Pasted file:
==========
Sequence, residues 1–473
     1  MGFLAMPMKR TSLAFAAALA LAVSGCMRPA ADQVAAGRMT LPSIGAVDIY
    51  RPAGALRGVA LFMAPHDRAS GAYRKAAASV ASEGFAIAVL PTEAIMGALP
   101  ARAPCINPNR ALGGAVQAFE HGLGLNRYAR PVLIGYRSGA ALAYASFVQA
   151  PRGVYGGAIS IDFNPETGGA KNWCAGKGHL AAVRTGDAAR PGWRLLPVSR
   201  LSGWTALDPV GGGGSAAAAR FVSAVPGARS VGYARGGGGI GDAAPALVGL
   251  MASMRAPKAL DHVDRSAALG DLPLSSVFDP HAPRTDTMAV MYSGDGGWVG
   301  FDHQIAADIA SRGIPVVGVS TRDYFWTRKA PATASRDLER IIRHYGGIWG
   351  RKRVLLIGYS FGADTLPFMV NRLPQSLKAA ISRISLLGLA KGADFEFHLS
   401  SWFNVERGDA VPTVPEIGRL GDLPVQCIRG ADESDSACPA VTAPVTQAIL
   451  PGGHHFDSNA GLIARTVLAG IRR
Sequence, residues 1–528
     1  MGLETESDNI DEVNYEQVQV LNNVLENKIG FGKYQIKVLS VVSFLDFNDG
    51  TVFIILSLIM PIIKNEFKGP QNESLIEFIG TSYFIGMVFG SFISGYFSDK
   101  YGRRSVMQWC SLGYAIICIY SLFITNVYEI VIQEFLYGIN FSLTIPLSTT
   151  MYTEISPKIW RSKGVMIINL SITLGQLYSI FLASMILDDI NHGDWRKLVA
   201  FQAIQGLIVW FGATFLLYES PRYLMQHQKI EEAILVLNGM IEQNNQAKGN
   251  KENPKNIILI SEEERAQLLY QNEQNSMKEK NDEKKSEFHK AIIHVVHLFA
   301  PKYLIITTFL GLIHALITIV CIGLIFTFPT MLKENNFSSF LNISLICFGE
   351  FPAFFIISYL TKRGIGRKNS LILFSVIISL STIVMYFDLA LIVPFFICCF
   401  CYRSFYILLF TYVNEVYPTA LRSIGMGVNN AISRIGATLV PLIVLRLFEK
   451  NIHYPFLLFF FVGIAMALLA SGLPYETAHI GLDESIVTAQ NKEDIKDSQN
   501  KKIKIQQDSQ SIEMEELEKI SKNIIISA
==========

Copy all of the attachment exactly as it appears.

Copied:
Sequence, residues 1–473
     1  MGFLAMPMKR TSLAFAAALA LAVSGCMRPA ADQVAAGRMT LPSIGAVDIY
    51  RPAGALRGVA LFMAPHDRAS GAYRKAAASV ASEGFAIAVL PTEAIMGALP
   101  ARAPCINPNR ALGGAVQAFE HGLGLNRYAR PVLIGYRSGA ALAYASFVQA
   151  PRGVYGGAIS IDFNPETGGA KNWCAGKGHL AAVRTGDAAR PGWRLLPVSR
   201  LSGWTALDPV GGGGSAAAAR FVSAVPGARS VGYARGGGGI GDAAPALVGL
   251  MASMRAPKAL DHVDRSAALG DLPLSSVFDP HAPRTDTMAV MYSGDGGWVG
   301  FDHQIAADIA SRGIPVVGVS TRDYFWTRKA PATASRDLER IIRHYGGIWG
   351  RKRVLLIGYS FGADTLPFMV NRLPQSLKAA ISRISLLGLA KGADFEFHLS
   401  SWFNVERGDA VPTVPEIGRL GDLPVQCIRG ADESDSACPA VTAPVTQAIL
   451  PGGHHFDSNA GLIARTVLAG IRR
Sequence, residues 1–528
     1  MGLETESDNI DEVNYEQVQV LNNVLENKIG FGKYQIKVLS VVSFLDFNDG
    51  TVFIILSLIM PIIKNEFKGP QNESLIEFIG TSYFIGMVFG SFISGYFSDK
   101  YGRRSVMQWC SLGYAIICIY SLFITNVYEI VIQEFLYGIN FSLTIPLSTT
   151  MYTEISPKIW RSKGVMIINL SITLGQLYSI FLASMILDDI NHGDWRKLVA
   201  FQAIQGLIVW FGATFLLYES PRYLMQHQKI EEAILVLNGM IEQNNQAKGN
   251  KENPKNIILI SEEERAQLLY QNEQNSMKEK NDEKKSEFHK AIIHVVHLFA
   301  PKYLIITTFL GLIHALITIV CIGLIFTFPT MLKENNFSSF LNISLICFGE
   351  FPAFFIISYL TKRGIGRKNS LILFSVIISL STIVMYFDLA LIVPFFICCF
   401  CYRSFYILLF TYVNEVYPTA LRSIGMGVNN AISRIGATLV PLIVLRLFEK
   451  NIHYPFLLFF FVGIAMALLA SGLPYETAHI GLDESIVTAQ NKEDIKDSQN
   501  KKIKIQQDSQ SIEMEELEKI SKNIIISA